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Live to Write Another Day

Live to Write Another Day, April 2013
by Dean Orion

Sky Father Media
204 pages
ISBN: 0989059316
EAN: 9780989059312
Kindle: B00BPK0QA8
Paperback / e-Book
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"Show up, set down and share; three steps to writing"

Fresh Fiction Review

Live to Write Another Day
Dean Orion

Reviewed by Clare O'Beara
Posted August 7, 2013

Non-Fiction | Self-Help

In this survival guide the author wryly admits to having been creatively writing since aged eleven. He says that writers are born that way, they can't help it, and they will either explain how they love writing or how they hate it because it is so hard to do well; or both, sometimes in the one sentence. LIVE TO WRITE ANOTHER DAY encompasses screenplays, stories, advertising, stage plays, web content and other material, with personal experiences.

Procrastination, not to be confused with putting off ever starting, or writer's block, is part of the skill, says Dean Orion, letting writers figure out the content in their heads and develop the story before going near the page. So don't worry about it!

Screenwriter Woody Allen is quoted, saying that eighty percent of success in life is just showing up. When a writer has a routine and sticks to it, that becomes the writing space. Orion gives the example of borrowing a friend's office after hours for peace and quiet. Research before starting even the lightest fiction is strongly recommended and Orion gives examples of how he personally outlines a story and builds up characters before beginning. As most of his work is screenplays he tends to focus on location and jumps from one scene to the next.

Orion emphasises that constructive criticism is very useful but the writer may have to address issues on different levels. If someone says they did not like a character - why? Use the ideas given to you to make the story better. Writing with a partner however involves giving up half of the creative autonomy so requires a lot of trust as well as respect. Pitching a project to a prospective buyer or reader will be done differently by different people; Orion gives examples from his work on The Invisible Man. You're not just pitching the work, he says; you are pitching yourself. Are you someone that the other person wants to work with?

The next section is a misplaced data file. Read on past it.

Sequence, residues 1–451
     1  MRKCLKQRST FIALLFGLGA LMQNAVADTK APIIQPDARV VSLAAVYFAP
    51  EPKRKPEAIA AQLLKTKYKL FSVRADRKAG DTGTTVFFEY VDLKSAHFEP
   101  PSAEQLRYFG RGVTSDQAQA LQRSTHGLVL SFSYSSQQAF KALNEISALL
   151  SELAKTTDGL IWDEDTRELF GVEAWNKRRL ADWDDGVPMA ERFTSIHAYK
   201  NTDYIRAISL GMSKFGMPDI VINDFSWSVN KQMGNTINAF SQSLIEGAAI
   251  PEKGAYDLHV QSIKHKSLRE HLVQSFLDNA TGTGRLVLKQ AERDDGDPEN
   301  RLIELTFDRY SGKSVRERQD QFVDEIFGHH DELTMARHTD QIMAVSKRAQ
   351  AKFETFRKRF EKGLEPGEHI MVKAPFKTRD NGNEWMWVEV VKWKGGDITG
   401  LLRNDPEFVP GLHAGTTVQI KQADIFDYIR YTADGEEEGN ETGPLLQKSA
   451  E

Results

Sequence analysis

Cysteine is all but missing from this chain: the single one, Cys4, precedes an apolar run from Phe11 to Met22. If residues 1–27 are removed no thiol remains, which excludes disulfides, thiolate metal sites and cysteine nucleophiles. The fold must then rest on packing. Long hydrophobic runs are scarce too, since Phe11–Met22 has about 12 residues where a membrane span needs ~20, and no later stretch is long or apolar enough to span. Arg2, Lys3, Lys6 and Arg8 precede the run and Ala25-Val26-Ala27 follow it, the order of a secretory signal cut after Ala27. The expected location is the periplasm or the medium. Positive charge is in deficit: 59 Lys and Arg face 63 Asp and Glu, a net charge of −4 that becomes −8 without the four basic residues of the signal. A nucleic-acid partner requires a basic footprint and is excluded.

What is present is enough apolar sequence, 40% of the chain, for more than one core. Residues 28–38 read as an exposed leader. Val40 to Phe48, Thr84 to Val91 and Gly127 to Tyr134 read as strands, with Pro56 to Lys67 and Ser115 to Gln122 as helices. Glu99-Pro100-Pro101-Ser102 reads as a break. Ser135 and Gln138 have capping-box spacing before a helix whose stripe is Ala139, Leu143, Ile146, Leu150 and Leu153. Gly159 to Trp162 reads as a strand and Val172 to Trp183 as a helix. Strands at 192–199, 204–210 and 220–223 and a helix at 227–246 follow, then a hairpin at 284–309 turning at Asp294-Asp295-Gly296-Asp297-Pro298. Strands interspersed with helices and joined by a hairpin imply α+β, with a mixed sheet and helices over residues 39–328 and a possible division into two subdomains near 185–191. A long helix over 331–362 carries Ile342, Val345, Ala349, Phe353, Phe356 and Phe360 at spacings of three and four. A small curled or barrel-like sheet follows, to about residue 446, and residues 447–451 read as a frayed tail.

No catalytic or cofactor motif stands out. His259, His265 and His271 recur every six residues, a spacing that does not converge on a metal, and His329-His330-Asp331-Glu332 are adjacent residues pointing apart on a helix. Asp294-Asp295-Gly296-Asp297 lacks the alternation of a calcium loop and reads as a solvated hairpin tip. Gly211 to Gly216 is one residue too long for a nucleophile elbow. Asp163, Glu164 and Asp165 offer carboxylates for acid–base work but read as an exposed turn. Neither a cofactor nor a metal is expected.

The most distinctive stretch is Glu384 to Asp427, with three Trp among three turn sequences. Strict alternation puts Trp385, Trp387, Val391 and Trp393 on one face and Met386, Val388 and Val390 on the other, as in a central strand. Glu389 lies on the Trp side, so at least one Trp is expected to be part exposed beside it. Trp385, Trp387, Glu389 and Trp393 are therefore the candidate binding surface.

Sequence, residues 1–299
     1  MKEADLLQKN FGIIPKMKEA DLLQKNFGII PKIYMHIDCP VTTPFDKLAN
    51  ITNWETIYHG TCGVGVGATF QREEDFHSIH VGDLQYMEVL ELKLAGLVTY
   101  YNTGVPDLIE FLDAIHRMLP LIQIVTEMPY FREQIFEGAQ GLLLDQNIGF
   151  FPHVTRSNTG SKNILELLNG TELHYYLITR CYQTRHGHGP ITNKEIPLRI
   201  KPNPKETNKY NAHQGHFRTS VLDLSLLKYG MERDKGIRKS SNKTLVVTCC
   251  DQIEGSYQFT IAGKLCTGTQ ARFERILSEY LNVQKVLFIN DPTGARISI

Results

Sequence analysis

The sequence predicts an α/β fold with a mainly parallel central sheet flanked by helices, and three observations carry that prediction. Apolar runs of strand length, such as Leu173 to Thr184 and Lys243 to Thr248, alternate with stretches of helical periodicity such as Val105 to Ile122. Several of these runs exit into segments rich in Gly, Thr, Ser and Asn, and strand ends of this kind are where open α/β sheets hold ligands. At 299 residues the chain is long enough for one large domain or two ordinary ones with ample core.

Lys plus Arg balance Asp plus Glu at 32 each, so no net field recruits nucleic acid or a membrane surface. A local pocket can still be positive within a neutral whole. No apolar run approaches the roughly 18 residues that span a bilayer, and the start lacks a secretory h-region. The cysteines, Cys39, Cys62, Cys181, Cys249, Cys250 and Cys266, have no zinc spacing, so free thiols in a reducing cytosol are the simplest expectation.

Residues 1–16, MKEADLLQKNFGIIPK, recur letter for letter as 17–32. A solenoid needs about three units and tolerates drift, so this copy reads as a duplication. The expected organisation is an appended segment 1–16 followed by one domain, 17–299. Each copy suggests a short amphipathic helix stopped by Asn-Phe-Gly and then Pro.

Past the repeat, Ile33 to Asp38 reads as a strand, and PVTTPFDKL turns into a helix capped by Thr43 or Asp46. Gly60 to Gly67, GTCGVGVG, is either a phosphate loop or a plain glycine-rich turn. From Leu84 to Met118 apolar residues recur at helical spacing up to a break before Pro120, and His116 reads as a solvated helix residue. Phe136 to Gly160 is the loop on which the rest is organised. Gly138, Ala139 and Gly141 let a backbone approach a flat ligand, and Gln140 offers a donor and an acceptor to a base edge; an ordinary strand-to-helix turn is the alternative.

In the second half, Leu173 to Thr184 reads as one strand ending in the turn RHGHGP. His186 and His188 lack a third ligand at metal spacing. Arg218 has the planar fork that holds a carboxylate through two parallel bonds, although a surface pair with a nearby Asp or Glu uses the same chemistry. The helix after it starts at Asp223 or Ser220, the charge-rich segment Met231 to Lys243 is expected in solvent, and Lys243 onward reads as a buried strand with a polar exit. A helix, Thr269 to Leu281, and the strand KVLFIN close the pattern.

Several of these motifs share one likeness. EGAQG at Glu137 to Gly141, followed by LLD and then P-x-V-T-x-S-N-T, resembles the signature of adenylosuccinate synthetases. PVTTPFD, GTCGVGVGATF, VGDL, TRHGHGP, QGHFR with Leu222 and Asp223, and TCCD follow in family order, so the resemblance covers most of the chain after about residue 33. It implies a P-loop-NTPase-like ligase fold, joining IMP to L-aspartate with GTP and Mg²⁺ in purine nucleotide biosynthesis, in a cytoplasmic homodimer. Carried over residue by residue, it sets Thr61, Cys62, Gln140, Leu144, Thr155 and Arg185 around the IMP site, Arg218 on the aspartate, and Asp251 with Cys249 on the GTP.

"Financial success is one thing and artistic success is entirely another," Orion warns. I found a lot of similar pithy advice in this short, friendly book, with discussion topics, and while not all of it will apply to every writer, it would be useful for someone thinking of becoming a writer for hire, or a creative writer, to see the pitfalls and gain the benefits of a professional's experience. Orion advises those considering writing to surround themselves with a community of writers. Picking up LIVE TO WRITE ANOTHER DAY would be a good start.

Learn more about Live to Write Another Day


Not too long ago I decided to write a book about my creative writing process, and the many experiences that I've had throughout my career. The inspiration behind it was pretty straightforward. I simply wanted to share what I've learned over the past 25+ years with other writers.

It didn't take me long to realize however, that the book I was writing would only partially be about process. The other part would be about psychological survival. Ironically, what I learned from this little adventure was that the two things are really one in the same. Having a process that you can rely on is your lifeblood as a writer, and if you are going to have any hope of surviving in this profession, that process needs to evolve and grow with you.

When you buy this book you'll get a step–by–step walk thru of the process of creating original stories, both "on spec" and "for hire," as well as helpful hands–on checklists at the end of each chapter, all framed through the first hand experiences of a writer in the trenches.

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